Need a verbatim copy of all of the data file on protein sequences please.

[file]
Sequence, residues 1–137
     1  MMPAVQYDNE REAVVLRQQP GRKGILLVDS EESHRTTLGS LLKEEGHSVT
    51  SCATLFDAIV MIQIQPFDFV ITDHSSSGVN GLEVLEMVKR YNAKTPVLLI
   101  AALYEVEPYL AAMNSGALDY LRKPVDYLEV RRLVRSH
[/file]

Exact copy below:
Sequence, residues 1–137
     1  MMPAVQYDNE REAVVLRQQP GRKGILLVDS EESHRTTLGS LLKEEGHSVT
    51  SCATLFDAIV MIQIQPFDFV ITDHSSSGVN GLEVLEMVKR YNAKTPVLLI
   101  AALYEVEPYL AAMNSGALDY LRKPVDYLEV RRLVRSH